Further, how is it that you can accept God influencing our brain chemistry (implied by you belief that God can change our thoughts), and yet balk at God influencing our reproductive chemistry so that a Virgin might conceive?

You seem to have set your level of faith at a pretty precise location. I have no criticism, you must act according to your lights. But you might be a bit more understanding of us who have a very slightly more expansive faith.

D. C.

Harry Celine writes: "I can't find in your collection of posts any evidence for the existence of God which would withstand the sort of prosecutorial cross-questioning you gave St. John above."

I have to disagree. The physical evidence supporting an inference of a Creator, as summarized in my collection of posts, has been scrutinized pretty rigorously by skeptical and even atheistic scientists. Not all of them agree with the conclusion that the existence of a Creator is likely, but a number of them do, not least the former-atheist philosopher Antony Flew and the late, atheist astrophysicist Sir Fred Hoyle.

The physical evidence isn't conclusive. But in my judgment, it's good enough to warrant cautiously proceeding as though a Creator did exist.

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Harry writes: "The Programmer of the Simulation may simulate Himself. Analogously God may become Incarnate."

I don't disagree that God could become incarnate. The question is, did he? Personally, I find the supporting evidence unpersuasive.

In positing a possible a cosmic simulation, you implicitly raise a good question, which is whether the Creator gives a damn about us. What if we're merely lab rats, or even slaves, manipulated by a Creator who cares little or nothing for us except for what we can do for him? As a teenager I read a science fiction story, Microcosmic God, by Theodore Sturgeon. As described by an Amazon.com reviewer:

The story involves a brilliant scientist named Kidder, who has absorbed the sum total of man's knowledge and is frustrated by the fact that he will not live long enough to witness future breakthroughs in technology. The logical solution of course, is for him to create his own race of beings (called Neoterics), with a faster metabolism and shorter lifespan (about 12 days, I think), so that he can observe their evolution and eventually learn from their discoveries.

I can make a case, admittedly conjectural, that this is not likely to be humanity's situation. Here's the argument:

* We seem to be, as one theologian puts it, created co-creators. My own surmise is that we seem to be part of a cosmic construction crew in the continuing Creation, gradually creating order and holding back the forces of disorder in our little corner of the universe. (A metaphor that comes to mind is that of the earliest English settlers in North America, various groups of whom landed in different places and promptly began clearing forests and planting farms and towns.)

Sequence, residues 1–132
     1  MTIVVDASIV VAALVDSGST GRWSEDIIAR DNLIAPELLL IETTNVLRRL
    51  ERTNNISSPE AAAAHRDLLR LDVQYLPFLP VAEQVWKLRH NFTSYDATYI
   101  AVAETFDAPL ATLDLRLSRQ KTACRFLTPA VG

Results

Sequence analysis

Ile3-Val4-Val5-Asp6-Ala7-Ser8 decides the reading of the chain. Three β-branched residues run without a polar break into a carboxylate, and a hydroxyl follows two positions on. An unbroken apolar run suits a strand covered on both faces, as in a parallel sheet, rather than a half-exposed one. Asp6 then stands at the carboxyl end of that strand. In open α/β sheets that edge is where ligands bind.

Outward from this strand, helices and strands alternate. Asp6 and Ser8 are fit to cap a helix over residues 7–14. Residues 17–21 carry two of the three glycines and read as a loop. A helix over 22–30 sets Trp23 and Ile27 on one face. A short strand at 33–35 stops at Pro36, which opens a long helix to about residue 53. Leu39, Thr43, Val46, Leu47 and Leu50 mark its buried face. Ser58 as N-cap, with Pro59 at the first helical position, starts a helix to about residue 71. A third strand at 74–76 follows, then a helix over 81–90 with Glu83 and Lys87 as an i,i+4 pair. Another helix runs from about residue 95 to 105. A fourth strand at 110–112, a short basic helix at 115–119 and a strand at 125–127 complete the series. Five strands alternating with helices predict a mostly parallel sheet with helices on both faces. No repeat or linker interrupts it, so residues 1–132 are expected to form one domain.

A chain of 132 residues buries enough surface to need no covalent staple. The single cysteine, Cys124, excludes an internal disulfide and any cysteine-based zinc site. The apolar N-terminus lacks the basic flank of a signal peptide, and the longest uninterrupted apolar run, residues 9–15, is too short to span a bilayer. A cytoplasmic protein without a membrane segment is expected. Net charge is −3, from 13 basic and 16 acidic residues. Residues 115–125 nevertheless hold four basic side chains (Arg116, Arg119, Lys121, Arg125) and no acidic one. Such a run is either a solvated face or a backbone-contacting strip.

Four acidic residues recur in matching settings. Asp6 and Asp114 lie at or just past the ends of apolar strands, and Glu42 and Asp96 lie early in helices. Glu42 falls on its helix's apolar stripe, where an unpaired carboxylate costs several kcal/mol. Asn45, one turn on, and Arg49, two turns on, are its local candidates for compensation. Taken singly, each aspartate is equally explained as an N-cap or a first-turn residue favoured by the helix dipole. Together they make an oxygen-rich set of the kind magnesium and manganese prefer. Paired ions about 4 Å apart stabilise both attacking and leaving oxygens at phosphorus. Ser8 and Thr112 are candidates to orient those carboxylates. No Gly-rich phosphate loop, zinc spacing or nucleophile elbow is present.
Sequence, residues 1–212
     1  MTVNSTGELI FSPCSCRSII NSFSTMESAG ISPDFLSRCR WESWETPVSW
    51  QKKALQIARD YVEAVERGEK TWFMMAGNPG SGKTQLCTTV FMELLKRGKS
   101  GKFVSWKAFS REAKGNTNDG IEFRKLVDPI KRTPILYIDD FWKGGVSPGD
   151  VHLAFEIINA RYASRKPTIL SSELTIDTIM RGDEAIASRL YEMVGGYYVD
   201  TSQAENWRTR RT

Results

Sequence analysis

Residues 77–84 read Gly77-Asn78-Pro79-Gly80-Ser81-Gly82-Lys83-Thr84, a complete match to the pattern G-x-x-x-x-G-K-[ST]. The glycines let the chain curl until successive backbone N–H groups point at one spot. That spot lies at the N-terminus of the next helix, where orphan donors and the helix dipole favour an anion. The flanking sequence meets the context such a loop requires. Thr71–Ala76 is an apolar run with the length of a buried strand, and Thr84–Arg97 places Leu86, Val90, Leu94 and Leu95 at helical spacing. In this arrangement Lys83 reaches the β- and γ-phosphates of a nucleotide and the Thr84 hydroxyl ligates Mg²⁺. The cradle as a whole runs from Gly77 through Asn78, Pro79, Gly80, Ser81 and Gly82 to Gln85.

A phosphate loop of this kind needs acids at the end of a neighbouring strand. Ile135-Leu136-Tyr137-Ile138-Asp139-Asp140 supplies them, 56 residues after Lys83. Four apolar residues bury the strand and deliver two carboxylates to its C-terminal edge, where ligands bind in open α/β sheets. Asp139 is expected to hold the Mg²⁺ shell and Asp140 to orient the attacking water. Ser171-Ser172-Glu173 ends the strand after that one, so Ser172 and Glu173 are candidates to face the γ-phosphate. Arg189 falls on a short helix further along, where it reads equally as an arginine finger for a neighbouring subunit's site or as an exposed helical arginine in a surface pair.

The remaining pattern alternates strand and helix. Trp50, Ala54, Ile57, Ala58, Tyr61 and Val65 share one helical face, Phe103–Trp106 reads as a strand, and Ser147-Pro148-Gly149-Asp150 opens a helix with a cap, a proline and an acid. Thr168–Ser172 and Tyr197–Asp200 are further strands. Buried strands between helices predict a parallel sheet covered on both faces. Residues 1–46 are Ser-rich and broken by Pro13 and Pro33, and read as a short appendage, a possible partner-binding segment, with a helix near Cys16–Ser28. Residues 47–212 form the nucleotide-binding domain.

* If we were simply lab rats or slaves being manipulated by an uncaring Creator, we'd eventually figure that out. Being a willful and somewhat cantankerous lot, we'd rebel. That likely would screw up the "lab experiment," and possibly the construction project as well.

* It seems logical that a Being intelligent enough to create a universe, or a simulation of one, would foresee all this, and therefore would choose not to start down that road. (Of course, that doesn't mean it has to be that way — we can't rule out that the possibility of our rebellion might be part of the experimental design in the first place.)

* So (I conjecture), for the time being, it's worth making the bet that the Creator is likely genuinely to care for us, and doesn't see us as mere lab rats or slaves.

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Harry writes: "But you might be a bit more understanding of us who have a very slightly more expansive faith."

I try very hard to understand those folks who profess, say, the Nicene version of Christianity. Unfortunately, few if any of them seem to be able to come up with any persuasive arguments why I should accept their faith but not that of the Mormons, the Muslims, the Hindus, the animists, etc.

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Harry, don't feel you have to stop responding and commenting; I'm happy to continue the conversation, which has been challenging.